Bitcoin is often called ‘digital gold’ because of its limited supply and value defined by scarcity. New bitcoins are generated through ‘mining’.
Bitcoin mining serves the following purposes:
- Record keeping
- Production of new bitcoins
- Transaction verification
- Network protection
The people who participate in bitcoin mining are miners. They are members of a decentralized network formed by computers running the bitcoin-mining software. With this software, miners run a copy of the network on their PCs. This copy contains transaction records with a time stamp. All the records are piled into a chain of data units called blocks. The blockchain represents a form of storage of this data into a distributed public ledger. Bitcoin’s proof-of-work algorithm defines the time it takes to verify each transaction and crack a mathematical puzzle. It is governing the entire network instead of a centralized authority. For their efforts, miners receive rewards in the form of transaction fees charged from the sender and a portion of the newly generated bitcoins. The total 21M supply of bitcoin will be mined by 2140. The mining reward will be gradually decreasing by then.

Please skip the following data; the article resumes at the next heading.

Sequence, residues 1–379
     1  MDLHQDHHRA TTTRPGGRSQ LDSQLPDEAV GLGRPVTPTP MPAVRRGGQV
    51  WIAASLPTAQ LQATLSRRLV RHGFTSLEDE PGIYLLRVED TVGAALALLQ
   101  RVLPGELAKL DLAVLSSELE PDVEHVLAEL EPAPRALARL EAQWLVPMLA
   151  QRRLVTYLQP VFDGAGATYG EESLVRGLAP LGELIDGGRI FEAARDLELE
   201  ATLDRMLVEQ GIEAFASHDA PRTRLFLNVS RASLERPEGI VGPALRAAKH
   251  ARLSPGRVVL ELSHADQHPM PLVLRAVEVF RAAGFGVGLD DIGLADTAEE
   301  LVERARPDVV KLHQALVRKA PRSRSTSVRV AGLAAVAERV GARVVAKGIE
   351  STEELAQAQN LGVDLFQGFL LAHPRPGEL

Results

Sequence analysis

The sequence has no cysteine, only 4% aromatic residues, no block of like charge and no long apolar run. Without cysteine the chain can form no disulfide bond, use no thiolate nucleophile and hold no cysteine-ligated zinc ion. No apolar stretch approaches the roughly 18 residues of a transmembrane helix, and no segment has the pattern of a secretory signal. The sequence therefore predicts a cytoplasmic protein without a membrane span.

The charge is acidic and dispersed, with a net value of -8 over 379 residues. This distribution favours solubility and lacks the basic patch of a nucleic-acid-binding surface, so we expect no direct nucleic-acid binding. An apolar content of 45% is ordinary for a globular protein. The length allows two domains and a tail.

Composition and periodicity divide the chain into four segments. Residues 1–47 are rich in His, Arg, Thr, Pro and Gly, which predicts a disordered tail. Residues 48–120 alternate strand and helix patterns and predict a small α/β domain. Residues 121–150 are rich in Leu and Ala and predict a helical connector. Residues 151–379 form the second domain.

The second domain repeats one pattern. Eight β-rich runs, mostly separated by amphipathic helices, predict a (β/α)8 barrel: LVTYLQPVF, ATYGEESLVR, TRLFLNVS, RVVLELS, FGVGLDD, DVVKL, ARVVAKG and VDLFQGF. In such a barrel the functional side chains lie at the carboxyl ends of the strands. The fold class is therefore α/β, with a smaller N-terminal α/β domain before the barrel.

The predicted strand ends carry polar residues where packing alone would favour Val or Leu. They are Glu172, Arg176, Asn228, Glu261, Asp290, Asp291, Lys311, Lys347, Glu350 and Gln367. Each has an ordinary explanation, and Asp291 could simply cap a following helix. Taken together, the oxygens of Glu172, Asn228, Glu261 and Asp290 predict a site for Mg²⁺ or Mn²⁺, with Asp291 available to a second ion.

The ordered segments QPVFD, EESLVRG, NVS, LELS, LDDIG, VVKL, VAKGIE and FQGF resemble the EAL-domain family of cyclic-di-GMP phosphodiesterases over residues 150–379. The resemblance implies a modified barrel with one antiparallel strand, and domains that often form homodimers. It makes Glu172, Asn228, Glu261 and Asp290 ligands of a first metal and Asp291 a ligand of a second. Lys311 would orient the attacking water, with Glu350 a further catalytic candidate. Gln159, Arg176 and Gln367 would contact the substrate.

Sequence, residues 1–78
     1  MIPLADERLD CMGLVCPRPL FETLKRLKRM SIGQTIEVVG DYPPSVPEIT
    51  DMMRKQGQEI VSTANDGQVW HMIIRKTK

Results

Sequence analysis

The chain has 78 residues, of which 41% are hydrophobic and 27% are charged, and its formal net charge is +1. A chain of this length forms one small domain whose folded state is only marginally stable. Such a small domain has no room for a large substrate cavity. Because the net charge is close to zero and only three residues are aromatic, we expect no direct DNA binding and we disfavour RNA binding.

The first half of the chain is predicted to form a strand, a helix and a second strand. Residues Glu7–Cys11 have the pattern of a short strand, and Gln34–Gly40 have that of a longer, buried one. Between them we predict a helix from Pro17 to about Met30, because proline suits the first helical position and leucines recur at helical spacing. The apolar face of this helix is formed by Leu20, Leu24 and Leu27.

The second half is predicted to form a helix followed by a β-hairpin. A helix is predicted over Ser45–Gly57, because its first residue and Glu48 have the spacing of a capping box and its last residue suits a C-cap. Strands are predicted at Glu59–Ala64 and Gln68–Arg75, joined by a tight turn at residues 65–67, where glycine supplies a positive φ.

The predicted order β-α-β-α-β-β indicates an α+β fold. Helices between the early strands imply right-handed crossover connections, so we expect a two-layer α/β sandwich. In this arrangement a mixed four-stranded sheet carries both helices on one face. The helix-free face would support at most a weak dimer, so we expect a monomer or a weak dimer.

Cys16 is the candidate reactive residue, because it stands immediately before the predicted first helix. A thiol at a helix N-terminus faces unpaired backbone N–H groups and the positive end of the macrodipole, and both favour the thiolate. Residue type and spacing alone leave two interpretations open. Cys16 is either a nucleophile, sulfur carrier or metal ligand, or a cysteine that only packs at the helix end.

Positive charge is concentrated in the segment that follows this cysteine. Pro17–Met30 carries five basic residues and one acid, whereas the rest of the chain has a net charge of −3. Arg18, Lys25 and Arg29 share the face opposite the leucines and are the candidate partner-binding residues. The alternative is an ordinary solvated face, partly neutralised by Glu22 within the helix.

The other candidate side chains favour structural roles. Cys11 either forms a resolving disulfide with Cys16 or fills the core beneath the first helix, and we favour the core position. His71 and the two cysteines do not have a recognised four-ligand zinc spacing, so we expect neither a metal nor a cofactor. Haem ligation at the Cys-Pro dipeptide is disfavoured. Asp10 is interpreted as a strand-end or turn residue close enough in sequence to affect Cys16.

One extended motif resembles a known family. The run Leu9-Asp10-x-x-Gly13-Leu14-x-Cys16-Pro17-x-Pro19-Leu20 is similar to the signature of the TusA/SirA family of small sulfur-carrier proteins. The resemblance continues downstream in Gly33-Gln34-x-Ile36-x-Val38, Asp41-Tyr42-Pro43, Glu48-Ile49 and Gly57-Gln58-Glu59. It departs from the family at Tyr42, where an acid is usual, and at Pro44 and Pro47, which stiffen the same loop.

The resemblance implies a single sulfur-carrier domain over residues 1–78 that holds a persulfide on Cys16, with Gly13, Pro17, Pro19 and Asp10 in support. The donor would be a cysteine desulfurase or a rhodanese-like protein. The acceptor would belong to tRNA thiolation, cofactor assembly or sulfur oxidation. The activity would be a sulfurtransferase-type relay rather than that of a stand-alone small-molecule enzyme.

The bitcoin network is transparent by design because the data stored on its blockchain is public. Miners protect the system through decentralized consensus which is achieved when the majority agrees upon the state of the network. Making changes in the data stored within the network will require immense computing power. These changes will become active only after the consensus and will be immediately displayed publicly. The system is designed that way to prevent hacker attacks.